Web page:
Sinn Féin has been given permission by the US authorities to raise funds in America. Gerry Adams is currently in the US for a ?500-a-head dinner in Washington hosted by the Friends of Sinn Féin. If successful, Sinn Féin could glean several hundred thousand dollars for its election fund here.

But why should donors in America be permitted to influence the outcome of elections in Ireland, north or south? And yes, the purpose of the exercise is to influence the outcome of elections, otherwise what is the point?

By the very same token that rich people should not be permitted to buy political influence and power, neither should foreigners be permitted to interfere in the Irish electoral process.


Beaten square and square

The hullabaloo over the fracas in Croke Park on Sunday 5 November in the compromise rules match between Ireland and Australia has been vastly overblown. The "violence" was by no means one-sided and there have been worse instances of violence at Gaelic games without anything like the current outrage.

One suspects the outrage is a diversion from the humiliation inflicted on the best of Irish Gaelic footballers by Australians who had no experience playing with a round ball and who overwhelmed the Irish with their speed, skill, tactical nous and general athleticism. Even allowing for the professionalism of the Australian players, the contrast was marked.


A year on and no report

Noel Hannigan, who assaulted 14-year-old Brian Rossiter in Clonmel on 9 September 2002, two days before the boy was found in a Garda cell in a coma from which he never recovered, was sentenced to two years' imprisonment on Monday 6 November. In the case, the state accepted that Brian Rossiter did not die as a consequence of this assault, which raises the question, why did he die, having been in Garda custody?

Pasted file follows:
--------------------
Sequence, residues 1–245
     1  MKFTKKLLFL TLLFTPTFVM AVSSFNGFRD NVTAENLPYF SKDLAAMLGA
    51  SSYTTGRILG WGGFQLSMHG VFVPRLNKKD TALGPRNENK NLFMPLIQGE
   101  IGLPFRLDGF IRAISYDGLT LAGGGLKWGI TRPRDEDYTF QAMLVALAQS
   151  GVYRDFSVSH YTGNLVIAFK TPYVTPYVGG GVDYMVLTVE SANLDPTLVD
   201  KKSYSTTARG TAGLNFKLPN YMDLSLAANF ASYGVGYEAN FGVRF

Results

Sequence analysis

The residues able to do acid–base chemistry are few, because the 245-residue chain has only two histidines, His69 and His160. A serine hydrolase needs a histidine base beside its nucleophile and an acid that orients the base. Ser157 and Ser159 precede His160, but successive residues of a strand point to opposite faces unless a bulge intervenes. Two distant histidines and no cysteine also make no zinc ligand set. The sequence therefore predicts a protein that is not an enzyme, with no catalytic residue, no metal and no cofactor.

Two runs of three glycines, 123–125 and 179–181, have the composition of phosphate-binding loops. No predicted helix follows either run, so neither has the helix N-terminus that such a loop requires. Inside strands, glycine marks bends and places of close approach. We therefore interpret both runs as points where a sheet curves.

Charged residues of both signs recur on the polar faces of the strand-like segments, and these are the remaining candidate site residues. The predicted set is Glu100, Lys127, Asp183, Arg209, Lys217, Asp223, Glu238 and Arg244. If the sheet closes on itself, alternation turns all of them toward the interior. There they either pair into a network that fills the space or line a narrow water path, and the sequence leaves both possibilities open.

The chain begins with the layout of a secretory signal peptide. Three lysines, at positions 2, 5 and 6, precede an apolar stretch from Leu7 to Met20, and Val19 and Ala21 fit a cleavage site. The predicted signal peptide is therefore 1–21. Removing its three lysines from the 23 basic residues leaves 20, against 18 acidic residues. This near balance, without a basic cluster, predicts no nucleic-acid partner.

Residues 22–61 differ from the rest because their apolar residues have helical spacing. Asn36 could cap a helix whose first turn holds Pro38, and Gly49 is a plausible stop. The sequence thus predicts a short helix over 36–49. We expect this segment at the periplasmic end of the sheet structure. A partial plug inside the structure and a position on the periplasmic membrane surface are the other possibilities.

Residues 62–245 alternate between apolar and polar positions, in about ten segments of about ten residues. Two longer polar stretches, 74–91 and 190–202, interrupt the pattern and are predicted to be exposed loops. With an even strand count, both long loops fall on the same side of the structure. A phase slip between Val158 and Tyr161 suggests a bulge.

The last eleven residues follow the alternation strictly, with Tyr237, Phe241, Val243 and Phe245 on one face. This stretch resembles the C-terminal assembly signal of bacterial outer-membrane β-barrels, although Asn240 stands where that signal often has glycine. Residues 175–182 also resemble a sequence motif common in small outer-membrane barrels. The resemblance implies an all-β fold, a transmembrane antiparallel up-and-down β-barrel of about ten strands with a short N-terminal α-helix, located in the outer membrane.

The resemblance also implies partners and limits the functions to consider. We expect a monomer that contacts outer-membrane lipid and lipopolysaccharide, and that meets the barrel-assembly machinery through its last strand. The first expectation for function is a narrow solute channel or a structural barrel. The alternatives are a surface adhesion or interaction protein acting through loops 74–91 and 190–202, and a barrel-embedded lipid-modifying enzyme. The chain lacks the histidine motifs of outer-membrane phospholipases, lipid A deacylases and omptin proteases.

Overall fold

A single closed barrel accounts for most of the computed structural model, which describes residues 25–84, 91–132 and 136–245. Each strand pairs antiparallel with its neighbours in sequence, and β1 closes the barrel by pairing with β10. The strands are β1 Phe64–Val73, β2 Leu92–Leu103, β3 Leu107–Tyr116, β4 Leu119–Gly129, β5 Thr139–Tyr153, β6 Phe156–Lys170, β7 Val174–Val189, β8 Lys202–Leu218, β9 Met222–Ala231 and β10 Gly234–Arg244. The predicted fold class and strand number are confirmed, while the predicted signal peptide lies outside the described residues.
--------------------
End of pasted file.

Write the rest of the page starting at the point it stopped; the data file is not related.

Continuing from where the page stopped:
An inquiry established by Michael McDowell (who had ignored representations about the case for a year) to be conducted by Hugh Hartnett SC, has been in existence now for over a year and still no report, even though the issues to be investigated are limited in time and involve relatively few persons.


On this day: 11 November 1215 - Jews, Muslims and the Lateran Council

The Fourth Council of the Lateran summoned by Pope Innocent III took place in November 1215. Several canons drafted by the pope dealt with the dogma of transubstantiation, condemnations of various heresies, the proclamation of Papal primacy, rules related to the sexual incontinence and drunkenness of the clergy, calls to war in the form of the fifth crusade and a few ordinances to do with Jews and Muslims (referred to as Saracens). But there was more. Canon 67 of the Lateran Council referred to "the treachery of the Jews" in the practice of usury (ie lending money with interest). Canon 68 said Jews and Muslims must be required to wear different dress because "it happens at times that through error Christians have relations with the women of Jews or Saracens (Muslims), and Jews and Saracens with Christian women. Therefore, that they may not, under pretext of error of this sort, excuse themselves in the future for the excesses of such prohibited intercourse, we decree that such Jews and Saracens of both sexes in every Christian province and at all times shall be marked off in the eyes of the public from other peoples through the character of their dress."